Makita Camo Heated Jacket Review
Winter has finally arrived here in Florida. We’re seeing highs in the 60’s and lows finally touching the 30’s. I know – we’re blessed. For many of you north of the (Florida) border, you’ve been dealing with colder temps for a while. Now that it’s finally cool enough to be able to to feel the heating elements, we busted out the Makita Camo Heated Jacket. You may think I’m joking, but we were in the upper 80’s all of December, and it was tough to stay in a jacket long enough to feel those carbon fiber elements.
Makita chose to wrap up their features in the Mossy Oak Break Up Infinity pattern to create a legit look for you hunters out there. After all, sitting dormant in a tree stand often leaves you wanting a heat source more than when you’re actively working on a jobsite. Of course, when you’re stuck at work, the look of this jacket won’t leave any question as to where you’d rather be.
Makita did a few things differently than some of the other heated jackets we’ve reviewed. We’ll dig in and you can decide if this one is a good fit for you.
Makita Camo Heated Jacket Features
Most obviously, Makita runs with their 18V LXT battery platform for the power source. It adds some weight over jackets that use a 12V battery, but it’s more likely that Pro users are going to have 18V batteries from their power tools to begin with. Since the jacket is only available without the battery, it helps more Makita fans avoid jumping into a new system.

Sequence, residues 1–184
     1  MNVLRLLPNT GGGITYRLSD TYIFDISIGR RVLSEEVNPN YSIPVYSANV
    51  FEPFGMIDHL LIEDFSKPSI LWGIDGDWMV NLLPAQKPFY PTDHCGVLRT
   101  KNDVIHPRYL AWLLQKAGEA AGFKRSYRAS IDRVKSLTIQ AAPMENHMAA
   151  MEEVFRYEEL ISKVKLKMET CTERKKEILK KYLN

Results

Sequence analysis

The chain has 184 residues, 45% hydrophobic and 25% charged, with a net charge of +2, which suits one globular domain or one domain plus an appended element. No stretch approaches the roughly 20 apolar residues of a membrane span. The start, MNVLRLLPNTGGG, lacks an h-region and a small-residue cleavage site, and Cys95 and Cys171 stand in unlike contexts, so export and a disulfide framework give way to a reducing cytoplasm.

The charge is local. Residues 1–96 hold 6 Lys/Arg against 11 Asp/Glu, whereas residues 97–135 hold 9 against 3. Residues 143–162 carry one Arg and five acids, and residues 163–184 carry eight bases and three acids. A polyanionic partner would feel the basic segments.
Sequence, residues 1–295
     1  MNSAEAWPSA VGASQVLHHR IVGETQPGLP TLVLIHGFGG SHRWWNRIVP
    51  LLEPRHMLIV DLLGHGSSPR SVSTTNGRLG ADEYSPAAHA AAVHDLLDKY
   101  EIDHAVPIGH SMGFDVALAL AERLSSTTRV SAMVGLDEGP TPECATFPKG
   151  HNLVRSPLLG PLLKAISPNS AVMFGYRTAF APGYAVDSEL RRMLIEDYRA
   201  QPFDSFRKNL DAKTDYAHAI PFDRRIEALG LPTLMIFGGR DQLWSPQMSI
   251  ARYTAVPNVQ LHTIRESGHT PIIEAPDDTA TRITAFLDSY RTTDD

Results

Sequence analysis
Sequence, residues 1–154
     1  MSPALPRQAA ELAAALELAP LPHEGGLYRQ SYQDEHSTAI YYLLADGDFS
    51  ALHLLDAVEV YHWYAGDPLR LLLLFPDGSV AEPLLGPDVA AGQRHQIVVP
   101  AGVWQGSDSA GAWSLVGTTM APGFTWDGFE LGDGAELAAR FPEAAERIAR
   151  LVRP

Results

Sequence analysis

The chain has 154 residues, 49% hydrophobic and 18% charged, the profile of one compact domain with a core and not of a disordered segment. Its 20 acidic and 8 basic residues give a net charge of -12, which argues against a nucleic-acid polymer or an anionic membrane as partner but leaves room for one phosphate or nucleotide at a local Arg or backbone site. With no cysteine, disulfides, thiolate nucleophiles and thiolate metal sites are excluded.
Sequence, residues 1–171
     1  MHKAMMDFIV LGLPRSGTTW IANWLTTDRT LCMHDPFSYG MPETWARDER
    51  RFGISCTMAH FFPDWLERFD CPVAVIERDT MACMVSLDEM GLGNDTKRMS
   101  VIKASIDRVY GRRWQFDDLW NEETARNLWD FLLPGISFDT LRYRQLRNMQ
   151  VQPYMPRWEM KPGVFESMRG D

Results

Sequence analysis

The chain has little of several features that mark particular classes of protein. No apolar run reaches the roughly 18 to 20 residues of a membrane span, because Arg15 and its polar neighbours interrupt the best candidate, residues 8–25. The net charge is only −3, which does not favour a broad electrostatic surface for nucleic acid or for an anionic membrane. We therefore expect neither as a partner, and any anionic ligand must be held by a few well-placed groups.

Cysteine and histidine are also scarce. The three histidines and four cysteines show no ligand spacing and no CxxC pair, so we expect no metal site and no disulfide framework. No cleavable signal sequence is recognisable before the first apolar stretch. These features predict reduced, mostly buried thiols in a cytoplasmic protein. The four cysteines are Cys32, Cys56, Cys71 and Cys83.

The battery is stored in a back left pocket. The battery adapter also includes a 2.1 amp USB charging port to quickly charge your mobile devices. Just stay off of Facebook while you’re in the woods—you don’t want to be that guy who misses a 10 point buck because he laughed out loud at the latest cat video.
Controls are hidden in the left chest pocket. If you’ve got hunting on your mind, the more you can hide from your prey, the better. You’ll need to hold down the button for a few seconds to turn the heat on or off. LED indicators make it clear what setting you’re on.
Sometimes you want to take advantage of heat for your core, but really need to be unencumbered by the sleeves on your jacket. Makita solves this by letting you remove them. The sleeves come on and off with a zipper. They’re easy enough to take off, but zipping them back on takes a little time and dexterity. With temps in the low 60’s and a cool breeze, I really appreciated having the vest style as an option as the day wore on.
Pockets are important. The Makita Camo heated jacket offers four pockets in addition to battery storage. Two kangaroo pockets for your hands are obvious. I’ve reached the point that I don’t want a jacket without a chest pocket for my electronic leash (aka phone). Makita provides a solid one that keeps my phone away from adversaries that threaten to destroy it.
The pocket I’m falling in love with more each day is the sleeve pocket. Found on your left, this is perfect for keeping pens or an EDC knife in quick reach and away from the debris that often finds its way in and around my jeans pockets.